The deathblow has finally been dealt to one of the last vestiges of regular scheduled television: Network Saturday morning cartoons have kicked the bucket for good. Even the austere Washington Post is covering the story, announcing that the CW (now home to some of the most addictive and terribly written teen shows) is officially ending its Saturday cartoon slot. Sadly, it was one of the last network channels to air Saturday morning cartoons.
A number of commentators have noted that the predictable end to this staple of television programming for 50 years is nothing to cry over. MTV News, along with numerous other outlets, cites competition from live action shows and overall failing viewership as some of the major factors that led to the demise of Saturday morning cartoons. Writer Gerard Raiti over at Animation World Net discussed these issues in depth over 10 years ago, citing factors like the increased importance of extracurricular sports activities and family time as commitments that drew kids’ time and attention from Saturday morning cartoons.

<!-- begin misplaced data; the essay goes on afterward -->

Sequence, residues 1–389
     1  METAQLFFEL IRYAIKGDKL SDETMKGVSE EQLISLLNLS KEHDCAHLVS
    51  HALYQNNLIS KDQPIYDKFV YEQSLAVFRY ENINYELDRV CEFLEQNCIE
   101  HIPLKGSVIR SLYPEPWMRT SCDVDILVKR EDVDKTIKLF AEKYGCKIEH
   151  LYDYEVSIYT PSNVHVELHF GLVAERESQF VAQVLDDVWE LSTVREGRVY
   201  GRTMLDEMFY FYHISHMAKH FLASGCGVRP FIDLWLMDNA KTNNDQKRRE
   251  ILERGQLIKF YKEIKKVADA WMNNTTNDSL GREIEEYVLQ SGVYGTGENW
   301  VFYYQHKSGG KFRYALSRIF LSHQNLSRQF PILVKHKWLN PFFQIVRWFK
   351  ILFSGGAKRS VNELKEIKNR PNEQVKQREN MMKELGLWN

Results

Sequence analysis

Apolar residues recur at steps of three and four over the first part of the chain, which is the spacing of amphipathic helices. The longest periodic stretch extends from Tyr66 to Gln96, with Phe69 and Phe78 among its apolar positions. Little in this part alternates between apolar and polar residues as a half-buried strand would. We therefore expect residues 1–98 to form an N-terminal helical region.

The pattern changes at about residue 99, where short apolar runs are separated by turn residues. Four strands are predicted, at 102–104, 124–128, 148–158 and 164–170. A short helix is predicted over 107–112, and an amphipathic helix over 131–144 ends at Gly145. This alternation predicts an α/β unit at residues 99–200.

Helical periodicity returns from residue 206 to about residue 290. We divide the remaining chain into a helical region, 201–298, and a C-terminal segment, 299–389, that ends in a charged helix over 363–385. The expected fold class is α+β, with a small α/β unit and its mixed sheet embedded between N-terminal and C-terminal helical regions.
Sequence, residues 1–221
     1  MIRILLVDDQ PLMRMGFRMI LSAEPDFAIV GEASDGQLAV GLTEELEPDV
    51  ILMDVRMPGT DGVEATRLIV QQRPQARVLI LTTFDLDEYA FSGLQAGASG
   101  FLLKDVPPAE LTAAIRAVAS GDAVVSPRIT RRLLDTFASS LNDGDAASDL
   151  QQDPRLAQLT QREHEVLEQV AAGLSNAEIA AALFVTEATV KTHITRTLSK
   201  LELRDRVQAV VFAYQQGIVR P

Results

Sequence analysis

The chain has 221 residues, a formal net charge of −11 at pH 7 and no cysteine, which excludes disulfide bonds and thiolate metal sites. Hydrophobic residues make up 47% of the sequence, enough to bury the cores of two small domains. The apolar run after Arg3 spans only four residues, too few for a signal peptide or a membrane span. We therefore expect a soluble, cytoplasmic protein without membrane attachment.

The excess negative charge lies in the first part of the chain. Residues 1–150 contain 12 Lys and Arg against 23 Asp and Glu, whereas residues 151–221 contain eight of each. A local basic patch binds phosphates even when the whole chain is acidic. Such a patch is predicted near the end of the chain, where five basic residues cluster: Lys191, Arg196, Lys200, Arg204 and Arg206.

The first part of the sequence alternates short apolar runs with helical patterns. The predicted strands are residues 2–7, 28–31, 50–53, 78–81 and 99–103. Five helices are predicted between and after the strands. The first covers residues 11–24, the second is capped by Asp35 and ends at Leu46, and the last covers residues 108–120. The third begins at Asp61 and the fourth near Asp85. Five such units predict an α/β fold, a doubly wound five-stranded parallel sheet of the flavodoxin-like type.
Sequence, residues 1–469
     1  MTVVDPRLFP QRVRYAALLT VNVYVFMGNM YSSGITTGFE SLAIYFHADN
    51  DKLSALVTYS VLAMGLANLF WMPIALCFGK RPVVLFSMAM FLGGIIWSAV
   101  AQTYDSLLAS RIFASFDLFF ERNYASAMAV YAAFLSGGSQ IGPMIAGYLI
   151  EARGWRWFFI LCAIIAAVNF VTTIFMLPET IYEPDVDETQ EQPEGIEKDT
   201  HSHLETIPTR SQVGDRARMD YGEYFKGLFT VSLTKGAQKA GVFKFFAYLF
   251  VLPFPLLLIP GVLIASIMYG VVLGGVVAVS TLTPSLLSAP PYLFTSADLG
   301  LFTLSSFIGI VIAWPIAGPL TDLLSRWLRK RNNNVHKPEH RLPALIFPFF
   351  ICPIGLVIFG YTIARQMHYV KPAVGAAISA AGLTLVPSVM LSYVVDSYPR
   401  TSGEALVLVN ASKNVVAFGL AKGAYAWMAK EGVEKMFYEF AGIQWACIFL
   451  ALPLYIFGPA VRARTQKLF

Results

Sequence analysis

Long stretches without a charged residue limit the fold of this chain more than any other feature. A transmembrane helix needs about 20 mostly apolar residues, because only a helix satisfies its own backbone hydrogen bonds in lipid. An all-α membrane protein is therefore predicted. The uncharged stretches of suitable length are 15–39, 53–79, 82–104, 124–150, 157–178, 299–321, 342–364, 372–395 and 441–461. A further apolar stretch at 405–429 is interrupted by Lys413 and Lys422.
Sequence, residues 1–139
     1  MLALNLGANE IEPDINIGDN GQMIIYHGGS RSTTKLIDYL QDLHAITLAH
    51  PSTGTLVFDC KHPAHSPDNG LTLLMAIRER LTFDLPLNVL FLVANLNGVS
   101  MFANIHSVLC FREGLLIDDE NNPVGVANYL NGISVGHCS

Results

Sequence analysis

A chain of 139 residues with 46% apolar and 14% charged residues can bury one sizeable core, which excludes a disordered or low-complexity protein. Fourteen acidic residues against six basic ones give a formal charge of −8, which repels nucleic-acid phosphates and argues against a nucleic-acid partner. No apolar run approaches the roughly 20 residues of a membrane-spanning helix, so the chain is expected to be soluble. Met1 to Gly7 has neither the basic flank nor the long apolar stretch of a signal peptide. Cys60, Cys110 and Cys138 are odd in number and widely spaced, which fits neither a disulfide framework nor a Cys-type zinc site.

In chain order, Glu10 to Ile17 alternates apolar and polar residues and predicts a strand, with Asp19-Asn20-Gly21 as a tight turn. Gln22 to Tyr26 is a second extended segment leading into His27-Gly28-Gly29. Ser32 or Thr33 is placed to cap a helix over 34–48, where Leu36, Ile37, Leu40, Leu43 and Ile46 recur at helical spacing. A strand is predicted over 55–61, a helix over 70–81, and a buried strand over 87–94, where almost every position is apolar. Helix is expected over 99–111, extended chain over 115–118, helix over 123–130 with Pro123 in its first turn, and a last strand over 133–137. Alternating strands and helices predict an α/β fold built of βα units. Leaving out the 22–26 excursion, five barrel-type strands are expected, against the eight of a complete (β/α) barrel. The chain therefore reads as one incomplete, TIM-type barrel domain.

The very idea of cable channels dedicated in part or in whole to airing cartoons was radical when it first hit the airwaves. The original “cable troika of animation”: the Disney Channel, Nickelodeon, and the aptly named Cartoon Network, provided a far greater lure of animated programming thanks to the constant availability of kid-focused content on each respective channel.
It wasn’t just that the programs were focused on quality programming for children, it’s that these channels were, and somewhat still are, dedicated to children’s programming. Broadcast networks’ goals were and are news and primetime television to rack in viewers and advertising revenue. Three-hour weekend slots of shows for children were not of the utmost concern, as iterated by Linda Simensky, who was Vice President of original programming at Cartoon Network and is currently Vice President of children’s programming for PBS: “Children’s television was never the strength of broadcasters to begin with. There were some good shows in there, but kids’ TV was the department where executives at the network would start their nephews out in.”